It’s the reason we’re able – uniquely – to front our walks with accomplished, in many cases distinguished professionals: barristers, doctors, geologists, museum curators, archaeologists, historians, criminal defence lawyers, Royal Shakespeare Company actors, a bevy of MVPs, Oscar winners (people who’ve won the Guide of the Year Award)… well, you get the idea. As that travel writer famously put it, “if this were a golf tournament, every name on the Leader Board would be a London Walks guide.”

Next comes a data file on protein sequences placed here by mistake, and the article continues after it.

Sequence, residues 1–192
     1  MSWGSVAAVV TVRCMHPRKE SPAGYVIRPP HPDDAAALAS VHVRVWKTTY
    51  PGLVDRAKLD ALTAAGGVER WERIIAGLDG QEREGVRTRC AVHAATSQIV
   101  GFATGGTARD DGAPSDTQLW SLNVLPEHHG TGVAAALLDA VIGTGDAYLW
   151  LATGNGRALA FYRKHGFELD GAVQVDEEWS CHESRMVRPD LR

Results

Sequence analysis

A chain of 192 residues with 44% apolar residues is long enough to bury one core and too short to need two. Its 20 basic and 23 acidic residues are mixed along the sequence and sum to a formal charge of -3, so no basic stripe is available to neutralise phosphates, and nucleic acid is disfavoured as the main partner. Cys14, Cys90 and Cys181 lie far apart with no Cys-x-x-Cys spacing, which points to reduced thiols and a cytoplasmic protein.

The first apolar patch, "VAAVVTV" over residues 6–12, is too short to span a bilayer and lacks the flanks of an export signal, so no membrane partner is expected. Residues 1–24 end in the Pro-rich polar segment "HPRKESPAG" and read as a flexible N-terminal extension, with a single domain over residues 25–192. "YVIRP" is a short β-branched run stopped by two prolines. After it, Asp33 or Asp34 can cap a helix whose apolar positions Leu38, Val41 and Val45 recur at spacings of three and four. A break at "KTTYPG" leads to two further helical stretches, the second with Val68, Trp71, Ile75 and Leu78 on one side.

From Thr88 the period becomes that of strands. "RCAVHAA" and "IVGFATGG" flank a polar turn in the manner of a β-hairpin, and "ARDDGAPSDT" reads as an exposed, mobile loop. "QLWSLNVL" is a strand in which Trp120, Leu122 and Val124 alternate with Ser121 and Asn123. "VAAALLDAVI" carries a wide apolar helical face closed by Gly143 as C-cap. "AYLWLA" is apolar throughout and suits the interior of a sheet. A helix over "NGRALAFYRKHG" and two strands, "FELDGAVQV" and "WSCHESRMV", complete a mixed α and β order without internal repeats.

And as we put it: London Walks Guides make the new familiar and the familiar new.

And on that agreeable note…come then, let us go forward together on some great London Walks. And that’s by way of saying, Good Londoning one and all. Nothing to add except… Welcome back! You were sorely missed. See ya tomorrow.